81. 107 Tan Boon Tee
    November 27, 2009 at 04:00

    Believe it or not, for more than 6 decades both camps have never been that sincere or frank in their negotiations, let alone agreed on a compromise.

    When disrespect and mistrust continue to exert their ugly pressure, how could anything tangible emerge?

    And the conflict drags on, and on.

  82. 108 Keith
    November 27, 2009 at 05:45

    The USA should stop any sort of foreign aid to any country whether it be military aid or any other sort of aid. The USA should pull its troops out of all foreign countries. The USA should ignore what happens in other countries on a political level. The USA should lift any embargos it has on communist countries and any embargo it might have with any islamic countries. Military isolationism is not isolationist because America would be still trading with other countries due to the global nature of the market. America is acting like a paranoid country. We used to have a communist scare. Before that we had a native american scare. Now America is scared of muslims. There is nothing to be scared of. America should just relax and enjoy its wealth. The paranoia of America has reduced the quality of life for Americans.

  83. 109 Elina, Finland
    November 27, 2009 at 07:13

    Thanks WHYS team, it was a great programme last night! And special thanks to Ros for giving Miche and Jayyab the time to have their conversation, it made very interesting listening indeed.

  84. 110 Michel Norman
    November 27, 2009 at 08:54

    Matt – your comment about 1900 years- The Jews were expelled from their land by the Roman invaders and their experience in exile has been overwhelmingly horrific -when in your view does the right to return expire? – are you saying the Palestinians have had 60 years, that is long enough – should Israel just wait 100 years, 200 years and then Palestinian claims become irrelevant??? We are two peoples who will have to learn to share this slither of land – It did not help that the British hived off 80% of the land to create Transjordan so we have to make do with what is less, both of us have legitimate claims – what causes this conflict to continue is the continued denial of the other side’s rights to a country and the need to compromise. Perhaps if you directed your comments less at a re-hash of propaganda and myths and more at a practical solution we would be getting somewhere.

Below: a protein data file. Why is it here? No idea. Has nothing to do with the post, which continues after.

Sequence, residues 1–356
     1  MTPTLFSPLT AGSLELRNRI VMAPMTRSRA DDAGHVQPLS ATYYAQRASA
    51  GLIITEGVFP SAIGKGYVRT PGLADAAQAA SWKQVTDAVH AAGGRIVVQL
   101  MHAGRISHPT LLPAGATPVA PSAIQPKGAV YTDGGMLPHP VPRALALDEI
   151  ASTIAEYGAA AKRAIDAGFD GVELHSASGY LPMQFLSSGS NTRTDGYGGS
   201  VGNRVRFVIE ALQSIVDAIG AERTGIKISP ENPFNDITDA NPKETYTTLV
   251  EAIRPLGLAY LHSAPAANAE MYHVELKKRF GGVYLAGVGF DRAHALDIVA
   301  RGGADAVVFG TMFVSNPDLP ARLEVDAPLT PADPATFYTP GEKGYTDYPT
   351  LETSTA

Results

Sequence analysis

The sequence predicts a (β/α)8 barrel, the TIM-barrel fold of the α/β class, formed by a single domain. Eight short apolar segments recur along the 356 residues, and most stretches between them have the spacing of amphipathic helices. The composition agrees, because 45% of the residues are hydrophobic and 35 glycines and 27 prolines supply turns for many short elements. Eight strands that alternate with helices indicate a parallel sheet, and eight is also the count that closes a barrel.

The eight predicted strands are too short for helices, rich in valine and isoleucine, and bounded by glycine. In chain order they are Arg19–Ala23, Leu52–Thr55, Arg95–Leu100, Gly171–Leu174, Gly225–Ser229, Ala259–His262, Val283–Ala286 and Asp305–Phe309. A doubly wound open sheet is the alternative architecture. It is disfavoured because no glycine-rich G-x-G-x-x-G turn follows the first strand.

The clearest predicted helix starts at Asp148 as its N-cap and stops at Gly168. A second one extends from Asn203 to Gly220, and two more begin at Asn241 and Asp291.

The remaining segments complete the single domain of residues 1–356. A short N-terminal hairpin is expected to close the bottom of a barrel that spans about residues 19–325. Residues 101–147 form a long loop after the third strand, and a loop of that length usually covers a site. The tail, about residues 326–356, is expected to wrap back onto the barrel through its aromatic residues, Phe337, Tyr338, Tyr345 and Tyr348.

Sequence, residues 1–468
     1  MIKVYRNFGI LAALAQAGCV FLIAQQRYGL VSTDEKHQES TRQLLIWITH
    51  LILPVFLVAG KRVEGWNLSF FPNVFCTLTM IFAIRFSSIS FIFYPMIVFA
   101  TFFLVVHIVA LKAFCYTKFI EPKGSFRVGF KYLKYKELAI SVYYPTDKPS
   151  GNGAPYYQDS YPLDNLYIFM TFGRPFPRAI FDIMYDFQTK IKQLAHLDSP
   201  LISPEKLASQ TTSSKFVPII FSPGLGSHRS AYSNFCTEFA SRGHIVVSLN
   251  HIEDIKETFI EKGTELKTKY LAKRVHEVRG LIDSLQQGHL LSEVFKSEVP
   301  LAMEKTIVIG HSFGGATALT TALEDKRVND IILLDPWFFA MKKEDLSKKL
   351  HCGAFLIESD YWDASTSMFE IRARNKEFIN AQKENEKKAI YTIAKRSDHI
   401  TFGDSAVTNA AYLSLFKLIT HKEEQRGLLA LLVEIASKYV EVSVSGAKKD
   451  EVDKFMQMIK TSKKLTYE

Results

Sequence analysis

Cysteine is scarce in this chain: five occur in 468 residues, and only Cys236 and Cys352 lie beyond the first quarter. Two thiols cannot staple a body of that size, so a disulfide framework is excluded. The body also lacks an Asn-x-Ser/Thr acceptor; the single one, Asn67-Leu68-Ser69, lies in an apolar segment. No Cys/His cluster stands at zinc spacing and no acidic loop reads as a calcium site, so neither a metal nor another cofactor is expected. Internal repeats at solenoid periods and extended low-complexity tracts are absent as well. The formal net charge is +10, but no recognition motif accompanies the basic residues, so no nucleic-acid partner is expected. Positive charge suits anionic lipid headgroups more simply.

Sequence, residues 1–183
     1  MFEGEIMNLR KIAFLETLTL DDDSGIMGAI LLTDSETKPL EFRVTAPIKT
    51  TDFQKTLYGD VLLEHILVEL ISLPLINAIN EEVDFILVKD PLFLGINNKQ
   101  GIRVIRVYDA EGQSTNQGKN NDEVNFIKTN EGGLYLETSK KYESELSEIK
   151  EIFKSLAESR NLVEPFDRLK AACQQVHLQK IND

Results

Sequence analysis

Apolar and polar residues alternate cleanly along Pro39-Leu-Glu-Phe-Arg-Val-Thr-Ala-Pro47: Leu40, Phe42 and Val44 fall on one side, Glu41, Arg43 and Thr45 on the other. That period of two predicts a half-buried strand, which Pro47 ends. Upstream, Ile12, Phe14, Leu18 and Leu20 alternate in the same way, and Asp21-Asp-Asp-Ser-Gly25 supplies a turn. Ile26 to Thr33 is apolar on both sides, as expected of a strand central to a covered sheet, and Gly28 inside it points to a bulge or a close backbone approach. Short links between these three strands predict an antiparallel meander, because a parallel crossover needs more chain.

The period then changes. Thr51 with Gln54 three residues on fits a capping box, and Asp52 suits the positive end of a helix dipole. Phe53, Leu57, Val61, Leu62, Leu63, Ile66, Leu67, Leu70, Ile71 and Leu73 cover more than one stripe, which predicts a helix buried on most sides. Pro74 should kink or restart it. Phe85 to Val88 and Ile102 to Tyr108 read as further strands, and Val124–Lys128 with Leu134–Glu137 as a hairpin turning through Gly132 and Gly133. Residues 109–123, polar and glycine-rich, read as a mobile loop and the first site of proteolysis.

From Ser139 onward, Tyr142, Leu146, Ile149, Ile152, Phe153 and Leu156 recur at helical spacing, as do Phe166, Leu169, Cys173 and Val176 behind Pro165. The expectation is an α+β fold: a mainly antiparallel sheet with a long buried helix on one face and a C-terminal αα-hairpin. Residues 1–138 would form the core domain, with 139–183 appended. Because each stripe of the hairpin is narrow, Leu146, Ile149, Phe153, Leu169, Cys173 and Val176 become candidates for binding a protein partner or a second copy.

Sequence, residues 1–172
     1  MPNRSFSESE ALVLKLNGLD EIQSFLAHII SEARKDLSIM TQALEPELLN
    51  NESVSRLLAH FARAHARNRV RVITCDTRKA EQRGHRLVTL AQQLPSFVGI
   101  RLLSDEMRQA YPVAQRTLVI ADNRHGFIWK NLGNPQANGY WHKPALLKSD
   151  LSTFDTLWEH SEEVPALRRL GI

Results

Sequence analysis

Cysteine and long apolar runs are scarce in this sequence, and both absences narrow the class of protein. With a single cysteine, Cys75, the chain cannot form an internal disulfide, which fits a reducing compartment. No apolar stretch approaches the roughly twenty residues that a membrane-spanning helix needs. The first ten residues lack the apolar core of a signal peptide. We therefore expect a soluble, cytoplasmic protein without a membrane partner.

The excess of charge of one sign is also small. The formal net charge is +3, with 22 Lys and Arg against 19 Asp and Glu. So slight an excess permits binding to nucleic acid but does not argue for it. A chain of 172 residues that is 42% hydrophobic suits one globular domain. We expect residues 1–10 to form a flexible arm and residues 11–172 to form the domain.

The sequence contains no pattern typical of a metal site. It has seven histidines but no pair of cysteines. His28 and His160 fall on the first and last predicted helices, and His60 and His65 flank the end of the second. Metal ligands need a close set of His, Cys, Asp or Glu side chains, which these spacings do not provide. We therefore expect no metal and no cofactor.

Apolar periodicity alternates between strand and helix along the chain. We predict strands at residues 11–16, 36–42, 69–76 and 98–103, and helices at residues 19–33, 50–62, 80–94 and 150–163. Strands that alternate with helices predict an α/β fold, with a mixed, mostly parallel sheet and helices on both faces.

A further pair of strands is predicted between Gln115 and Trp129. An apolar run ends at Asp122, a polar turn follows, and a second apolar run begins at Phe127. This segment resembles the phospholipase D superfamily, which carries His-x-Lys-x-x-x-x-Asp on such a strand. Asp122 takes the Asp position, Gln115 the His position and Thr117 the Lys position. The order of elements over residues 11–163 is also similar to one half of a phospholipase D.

85. 111 Hali
    November 27, 2009 at 13:17

    This is the third or fourth time I have tried to make a point – for some reason my comments before have been rejected. I have not said anything rude – I have argued for human rights. Israeli AND Palestinian human rights.
    For peace to even be possible, it is necessary to consider ALL human beings as equal before the law. That means freedom of movement, autonomy, and religious worship.
    A two state solution means two equal states – both with rights of self-defense, and clear defensible borders. It means Palestine must have definable and continuous borders, with its own relationship with other countries. It means Israel cannot say what can come in or go out of it, and cannot decide if it has a military or not. Obviously it would mean a viable peace treaty. At present, Palestine consists of a set of small enclaves surrounded by Israel and ruled by Israel. That is not sustainable in any case. To have a viable state would mean several city sized settlements would have to be abandoned. That would evoke a huge outcry – as these places are now well-established. But how else is it possible to have a state of Palestine?
    A single state solution would necessitate a acceptance of a secular state where all citizens have equal rights to movement, property, education, and access to infrastructure including jobs. That would necessitate Israel becoming officially more secular and tolerant.
    In either case, it means more to give up by the Israelis, but the alternative is continuing oppression and conflict with Palestinians – the status quo, but getting worse.
    Until all human beings can be regarded as equal, there is no solution, by anyone anywhere and all “peace processes” are empty lies.

  86. 112 James Ian
    November 27, 2009 at 13:36

    Sure, let them duke it out and get it over with. May the best god and country win.

  87. 113 JanB
    November 27, 2009 at 16:53

    @Hali

    Israel is more secular and democratic than any other state in the Middle East, save maybe Turkey, a few weeks ago an Arab member of the Israeli parliament called Hamas “martyrs”, and got away with it because of freedom of speech.

    Thinking that an independent Palestine would be a responsible democracy is ludicrous. It would most likely be a dictatorship run by a “strong man” (both Hamas and Fatah are clearly not suited for democracy) with widespread corruption and arbitrary detentions and executions and religious discrimination, like Egypt or Jordan.
    So its pretty easy to understand why even the most secular Israeli wouldn’t want to live in an Arab-majority state.

  88. November 27, 2009 at 17:22

    What happened to the “Peace-Processing-Is-Us” thread?

    I received email notification of a comment, but the included link draws a “not found” error.

  89. November 27, 2009 at 17:29